An intimate study of China's historical rise and the immense challenges it faces as a competitive world power.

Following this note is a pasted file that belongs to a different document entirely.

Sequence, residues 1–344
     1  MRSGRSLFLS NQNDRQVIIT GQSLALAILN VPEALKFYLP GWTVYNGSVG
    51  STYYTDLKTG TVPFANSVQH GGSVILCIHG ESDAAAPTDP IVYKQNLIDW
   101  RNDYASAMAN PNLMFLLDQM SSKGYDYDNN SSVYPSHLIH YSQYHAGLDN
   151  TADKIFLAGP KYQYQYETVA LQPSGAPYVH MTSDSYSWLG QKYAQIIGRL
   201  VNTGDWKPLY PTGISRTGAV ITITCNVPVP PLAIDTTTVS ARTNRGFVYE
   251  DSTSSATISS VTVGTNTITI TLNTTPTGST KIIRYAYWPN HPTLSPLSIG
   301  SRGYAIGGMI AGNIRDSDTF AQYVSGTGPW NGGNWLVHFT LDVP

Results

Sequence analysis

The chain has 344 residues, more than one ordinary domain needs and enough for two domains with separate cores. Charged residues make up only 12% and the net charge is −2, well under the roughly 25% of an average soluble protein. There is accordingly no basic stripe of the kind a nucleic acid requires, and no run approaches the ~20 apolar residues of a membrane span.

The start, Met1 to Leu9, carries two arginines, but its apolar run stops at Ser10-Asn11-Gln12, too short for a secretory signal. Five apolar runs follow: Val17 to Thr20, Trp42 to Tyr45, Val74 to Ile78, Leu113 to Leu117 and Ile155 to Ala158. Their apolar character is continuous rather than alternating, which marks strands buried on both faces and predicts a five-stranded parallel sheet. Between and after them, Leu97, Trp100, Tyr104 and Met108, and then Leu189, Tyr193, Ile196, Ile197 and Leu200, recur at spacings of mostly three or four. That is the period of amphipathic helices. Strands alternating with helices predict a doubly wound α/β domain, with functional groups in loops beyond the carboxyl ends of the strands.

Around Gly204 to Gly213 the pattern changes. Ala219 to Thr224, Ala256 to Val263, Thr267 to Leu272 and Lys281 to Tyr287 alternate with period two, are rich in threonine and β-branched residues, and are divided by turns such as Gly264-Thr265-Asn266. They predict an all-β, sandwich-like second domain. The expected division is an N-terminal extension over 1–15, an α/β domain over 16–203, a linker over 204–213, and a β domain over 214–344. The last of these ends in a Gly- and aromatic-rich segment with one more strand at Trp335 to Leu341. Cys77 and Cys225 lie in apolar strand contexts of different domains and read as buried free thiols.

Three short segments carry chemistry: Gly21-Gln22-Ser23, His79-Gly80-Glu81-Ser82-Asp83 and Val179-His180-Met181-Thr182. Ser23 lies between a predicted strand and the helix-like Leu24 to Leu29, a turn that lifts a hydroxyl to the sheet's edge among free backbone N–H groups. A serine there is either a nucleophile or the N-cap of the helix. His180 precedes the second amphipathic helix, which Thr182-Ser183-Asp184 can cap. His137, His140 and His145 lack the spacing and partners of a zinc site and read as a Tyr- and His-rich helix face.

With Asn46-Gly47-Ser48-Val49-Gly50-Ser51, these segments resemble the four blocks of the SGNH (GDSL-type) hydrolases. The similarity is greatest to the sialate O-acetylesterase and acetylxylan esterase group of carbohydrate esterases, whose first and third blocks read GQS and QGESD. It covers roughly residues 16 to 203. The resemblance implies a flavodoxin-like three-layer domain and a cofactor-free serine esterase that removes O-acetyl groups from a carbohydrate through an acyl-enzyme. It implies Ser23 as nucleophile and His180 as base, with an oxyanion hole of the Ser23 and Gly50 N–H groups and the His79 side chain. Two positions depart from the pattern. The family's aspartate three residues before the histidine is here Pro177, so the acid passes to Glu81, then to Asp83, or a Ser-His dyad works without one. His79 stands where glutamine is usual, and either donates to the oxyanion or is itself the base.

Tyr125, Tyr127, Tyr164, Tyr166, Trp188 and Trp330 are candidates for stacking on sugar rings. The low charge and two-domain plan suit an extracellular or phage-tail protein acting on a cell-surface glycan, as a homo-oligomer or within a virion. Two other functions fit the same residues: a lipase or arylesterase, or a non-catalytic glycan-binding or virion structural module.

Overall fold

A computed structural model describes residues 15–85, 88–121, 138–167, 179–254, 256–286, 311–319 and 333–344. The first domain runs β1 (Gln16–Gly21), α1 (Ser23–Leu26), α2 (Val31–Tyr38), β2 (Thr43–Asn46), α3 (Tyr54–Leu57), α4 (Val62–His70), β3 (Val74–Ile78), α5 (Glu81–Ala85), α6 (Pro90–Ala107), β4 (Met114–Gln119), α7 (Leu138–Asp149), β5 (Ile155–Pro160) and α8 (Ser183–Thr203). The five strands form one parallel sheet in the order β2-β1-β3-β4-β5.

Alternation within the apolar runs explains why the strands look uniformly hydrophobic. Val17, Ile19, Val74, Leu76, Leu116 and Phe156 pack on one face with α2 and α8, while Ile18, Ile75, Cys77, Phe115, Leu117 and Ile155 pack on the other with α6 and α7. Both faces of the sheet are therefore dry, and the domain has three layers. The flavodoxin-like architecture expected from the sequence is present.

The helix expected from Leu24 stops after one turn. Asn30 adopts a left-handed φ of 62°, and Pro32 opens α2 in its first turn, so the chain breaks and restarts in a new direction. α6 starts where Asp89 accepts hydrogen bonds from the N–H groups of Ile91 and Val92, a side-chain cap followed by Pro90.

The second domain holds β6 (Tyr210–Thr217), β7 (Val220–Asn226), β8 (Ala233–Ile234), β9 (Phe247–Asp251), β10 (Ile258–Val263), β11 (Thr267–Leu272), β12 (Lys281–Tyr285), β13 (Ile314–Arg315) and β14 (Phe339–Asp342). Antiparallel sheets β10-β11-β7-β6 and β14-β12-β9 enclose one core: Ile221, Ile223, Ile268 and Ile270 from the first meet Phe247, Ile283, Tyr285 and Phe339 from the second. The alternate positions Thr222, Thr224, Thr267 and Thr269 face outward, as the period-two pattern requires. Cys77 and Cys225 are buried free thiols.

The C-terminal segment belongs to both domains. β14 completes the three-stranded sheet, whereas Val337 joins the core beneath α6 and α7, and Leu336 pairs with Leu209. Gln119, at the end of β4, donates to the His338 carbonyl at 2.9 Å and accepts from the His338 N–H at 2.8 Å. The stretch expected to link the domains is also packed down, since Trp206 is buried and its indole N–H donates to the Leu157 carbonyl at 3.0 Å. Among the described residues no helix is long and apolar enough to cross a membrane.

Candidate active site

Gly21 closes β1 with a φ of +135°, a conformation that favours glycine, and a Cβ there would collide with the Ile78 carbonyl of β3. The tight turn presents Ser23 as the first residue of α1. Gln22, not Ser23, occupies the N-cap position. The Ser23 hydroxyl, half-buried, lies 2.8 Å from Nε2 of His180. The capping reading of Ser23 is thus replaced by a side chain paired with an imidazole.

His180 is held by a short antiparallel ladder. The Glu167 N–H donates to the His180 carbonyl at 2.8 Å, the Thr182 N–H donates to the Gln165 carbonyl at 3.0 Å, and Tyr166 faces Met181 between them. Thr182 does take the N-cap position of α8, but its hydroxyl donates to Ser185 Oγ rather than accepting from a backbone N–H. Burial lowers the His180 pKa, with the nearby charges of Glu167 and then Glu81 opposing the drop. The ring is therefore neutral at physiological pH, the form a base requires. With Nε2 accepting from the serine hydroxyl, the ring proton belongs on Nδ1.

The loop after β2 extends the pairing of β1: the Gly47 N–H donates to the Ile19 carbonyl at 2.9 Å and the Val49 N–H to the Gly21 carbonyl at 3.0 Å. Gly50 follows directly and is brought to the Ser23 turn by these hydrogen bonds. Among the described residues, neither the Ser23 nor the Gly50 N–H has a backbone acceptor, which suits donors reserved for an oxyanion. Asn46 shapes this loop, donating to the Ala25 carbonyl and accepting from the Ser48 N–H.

By the end of the first decade of the 21st century, China had become one of the great powers of the modern world. Economically, politically, and militarily, its power and international reach is only exceeded by the United States, the world's one remaining superpower.Its military spending, though dwarfed by the United States, is over $100 billion a year and it is busy developing an aircraft carrier, a stealth fighter jet, and missiles that can shoot down satellites - all in an effort to project its power on a global scale.This is all a far cry from its position at the end of the 19th century, when it was a ramshackle and isolated medieval empire upon whom the European colonial powers could impose their wishes at will. The period from the First Sino-Japanese War of 1894-95 through to the Communist victory in the Chinese Civil War ending in 1949 was one of near-constant conflict that saw China emerge as a fledgling new world power. Militarily at least, this is the defining period in Chinese history.This is the period that saw the breakdown of the traditional imperial system of control, under threat from a series of rebellions throughout the 19th century, and the rise of the warlords and civil war in 1911. Despite the establishment of the Republic of China in 1912, the country was still riven by internal strife as different factions sought to control the fledgling state, while much of the power in the land was exercised by regional warlords in a constant state of conflict with one another. The 1920s saw the rise of two opposing revolutionary movements, the Kuomintang, led first by Sun Yat-Sen and later Chiang Kai-Shek, and the Chinese Communist Party, one of whose early leaders was Mao Tse-Tung. The Kuomintang managed to gain control of the majority of China by the late 1920s, and started a long running conflict with the Communists at the same time. The late 1920s also saw the first significant Japanese intervention in China, and in 1931 the Japanese took control of the whole of Manchuria. By 1937 this had escalated into out and out conflict with the Chinese, a conflict which would last till the Japanese defeat in World War II in 1945. Even then China had to struggle through four years of painful civil war before the Chinese Communist Party finally established control in 1949.In this new study Philip Jowett traces the complicated military history of China during these pivotal years, describing in detail the conflicts that forge the modern superpower that is China today.